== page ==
Painting With John

2010-07-08-InventionofAnimalsI first caught wind of John Lurie as the stubborn, stone-faced proto-hipster in Jim Jarmusch’s essential, second feature, Stranger Than Paradise. In this film, the life of his character, Willie, is rudely interrupted by a surprise visit from his Hungarian cousin, Eva. The magic of this oddly entrancing movie lies in Willie’s subtle—if unwilling—acceptance of his own blood.

Following many more memorable film roles, a successful music career (in addition to writing and performing for his band, The Lounge Lizards, he composed the theme for Late Night with Conan O’Brien, along with the scores to a bunch of excellent movies), and a cult TV-show—Lurie has had to deal with a much more serious life interruption. He has been  suffering the debilitating symptoms of what he believes to be advanced neurological Lyme disease. And starting about four years ago, it got to the point where he couldn’t even play music anymore.

Stuck in his room, bored and in tremendous pain, Lurie began to paint, at first to simply concentrate on something besides his symptoms. Eventually, though, he began to use paint to express his inner-self—something only music could fulfill for him before. And while the results of his efforts in no way relieved him of his physical ailments, they did attract a lot of attention, and help launch yet another artistic career.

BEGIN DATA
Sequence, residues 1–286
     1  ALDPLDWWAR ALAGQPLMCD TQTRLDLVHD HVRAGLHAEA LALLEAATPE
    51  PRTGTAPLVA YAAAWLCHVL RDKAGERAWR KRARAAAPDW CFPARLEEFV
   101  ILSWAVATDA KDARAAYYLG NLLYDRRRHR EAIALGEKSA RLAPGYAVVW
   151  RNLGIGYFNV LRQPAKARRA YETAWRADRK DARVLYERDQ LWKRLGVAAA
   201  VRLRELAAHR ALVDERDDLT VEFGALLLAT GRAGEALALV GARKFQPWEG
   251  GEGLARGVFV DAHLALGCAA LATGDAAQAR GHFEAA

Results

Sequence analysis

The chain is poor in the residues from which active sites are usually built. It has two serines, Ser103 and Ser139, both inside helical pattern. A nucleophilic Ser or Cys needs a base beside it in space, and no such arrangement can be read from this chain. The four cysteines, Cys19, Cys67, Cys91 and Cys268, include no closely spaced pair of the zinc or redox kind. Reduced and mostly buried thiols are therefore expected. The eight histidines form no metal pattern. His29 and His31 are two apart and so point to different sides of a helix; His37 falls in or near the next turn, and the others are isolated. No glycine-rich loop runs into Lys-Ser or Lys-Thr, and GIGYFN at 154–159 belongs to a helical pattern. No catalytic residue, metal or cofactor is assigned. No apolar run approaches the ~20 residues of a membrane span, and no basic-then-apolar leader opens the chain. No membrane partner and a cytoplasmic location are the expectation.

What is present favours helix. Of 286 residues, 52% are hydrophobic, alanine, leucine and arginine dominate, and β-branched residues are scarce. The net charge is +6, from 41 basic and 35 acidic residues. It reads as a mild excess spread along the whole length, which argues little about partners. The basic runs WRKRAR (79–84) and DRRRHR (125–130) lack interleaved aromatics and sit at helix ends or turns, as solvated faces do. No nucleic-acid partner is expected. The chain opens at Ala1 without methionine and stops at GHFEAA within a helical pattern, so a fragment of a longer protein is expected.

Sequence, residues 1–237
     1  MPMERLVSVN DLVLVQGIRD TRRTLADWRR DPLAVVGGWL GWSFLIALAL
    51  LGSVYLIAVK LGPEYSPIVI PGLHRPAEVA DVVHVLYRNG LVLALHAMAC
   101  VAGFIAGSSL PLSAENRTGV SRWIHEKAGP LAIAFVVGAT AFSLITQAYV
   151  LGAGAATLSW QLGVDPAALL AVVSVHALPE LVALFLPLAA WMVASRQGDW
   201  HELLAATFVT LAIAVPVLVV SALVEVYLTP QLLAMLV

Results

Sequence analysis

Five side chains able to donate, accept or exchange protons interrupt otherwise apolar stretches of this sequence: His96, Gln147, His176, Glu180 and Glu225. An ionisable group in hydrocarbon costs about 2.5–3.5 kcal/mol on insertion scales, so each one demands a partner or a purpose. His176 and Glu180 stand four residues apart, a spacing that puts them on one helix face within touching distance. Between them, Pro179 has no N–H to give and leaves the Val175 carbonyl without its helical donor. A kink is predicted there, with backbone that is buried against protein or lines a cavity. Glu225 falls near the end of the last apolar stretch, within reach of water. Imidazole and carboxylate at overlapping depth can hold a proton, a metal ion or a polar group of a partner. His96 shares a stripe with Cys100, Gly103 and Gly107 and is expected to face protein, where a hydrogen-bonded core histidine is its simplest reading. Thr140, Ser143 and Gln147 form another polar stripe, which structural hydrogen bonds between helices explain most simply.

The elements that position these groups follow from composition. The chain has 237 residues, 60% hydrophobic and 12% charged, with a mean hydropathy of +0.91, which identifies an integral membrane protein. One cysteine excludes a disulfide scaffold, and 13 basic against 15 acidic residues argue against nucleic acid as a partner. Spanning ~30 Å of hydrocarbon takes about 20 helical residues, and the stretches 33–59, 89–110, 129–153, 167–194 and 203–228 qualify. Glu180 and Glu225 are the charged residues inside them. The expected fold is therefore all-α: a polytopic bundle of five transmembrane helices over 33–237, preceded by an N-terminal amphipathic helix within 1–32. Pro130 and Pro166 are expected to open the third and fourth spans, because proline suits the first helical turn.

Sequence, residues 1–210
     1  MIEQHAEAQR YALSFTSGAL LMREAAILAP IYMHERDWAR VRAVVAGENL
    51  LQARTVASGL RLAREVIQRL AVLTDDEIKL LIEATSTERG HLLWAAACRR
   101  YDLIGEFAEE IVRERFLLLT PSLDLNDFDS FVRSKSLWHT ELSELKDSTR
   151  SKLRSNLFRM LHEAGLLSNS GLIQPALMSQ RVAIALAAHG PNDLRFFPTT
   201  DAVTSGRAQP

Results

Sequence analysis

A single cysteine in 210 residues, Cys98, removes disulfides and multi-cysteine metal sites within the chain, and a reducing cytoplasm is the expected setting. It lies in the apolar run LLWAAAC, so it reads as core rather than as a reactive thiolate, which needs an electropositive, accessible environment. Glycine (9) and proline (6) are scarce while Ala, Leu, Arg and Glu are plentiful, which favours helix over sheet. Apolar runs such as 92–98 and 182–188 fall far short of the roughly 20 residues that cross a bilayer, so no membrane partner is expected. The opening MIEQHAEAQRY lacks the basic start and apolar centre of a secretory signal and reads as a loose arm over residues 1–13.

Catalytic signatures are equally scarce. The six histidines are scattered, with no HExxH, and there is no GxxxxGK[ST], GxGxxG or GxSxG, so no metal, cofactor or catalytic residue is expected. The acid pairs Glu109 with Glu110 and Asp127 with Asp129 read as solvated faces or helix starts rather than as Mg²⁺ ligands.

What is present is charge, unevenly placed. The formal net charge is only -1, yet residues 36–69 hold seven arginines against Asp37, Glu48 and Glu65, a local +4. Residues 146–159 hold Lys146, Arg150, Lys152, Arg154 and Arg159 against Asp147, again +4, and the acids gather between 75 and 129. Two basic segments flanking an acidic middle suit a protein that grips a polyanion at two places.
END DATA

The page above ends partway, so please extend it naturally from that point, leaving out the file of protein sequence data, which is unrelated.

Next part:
On view until August 7th at Gallery Brown in west Los Angeles, John Lurie: The Invention of Animals shows off his latest works. With such reliably clever and stinging titles as “The Skeleton in My Closet Has Moved Back to the Garden” and “The Spirits Are Trying To Tell Me Something But It’s Really Fucking Vague,” Lurie’s paintings seem to be directly related to his condition, failed attempts at escape maybe. According to him, “I am sure having the outlet helps me in some way. I know that when I got really sick and had to stop playing music that it was an unbearable loss. I never thought that painting could come out of my soul in the same way. But I think that it does at this point.”

To me, I know I have a hard time looking at Lurie’s visual work without sensing that same stone-faced Willie somewhere in there, slowly coming to terms with the disturbing though beautiful facts of his blood.

- By Joshua Morrison

For more from John Lurie, also check out this great interview on the Huffington Post:

John Lurie: The Invention of Animals is on view until August 7th at Gallery Brown, located at 140 S. Orlando Ave. For more information, please visit, or call 323-651-1956.

Comments are closed Trackback

Comments are closed.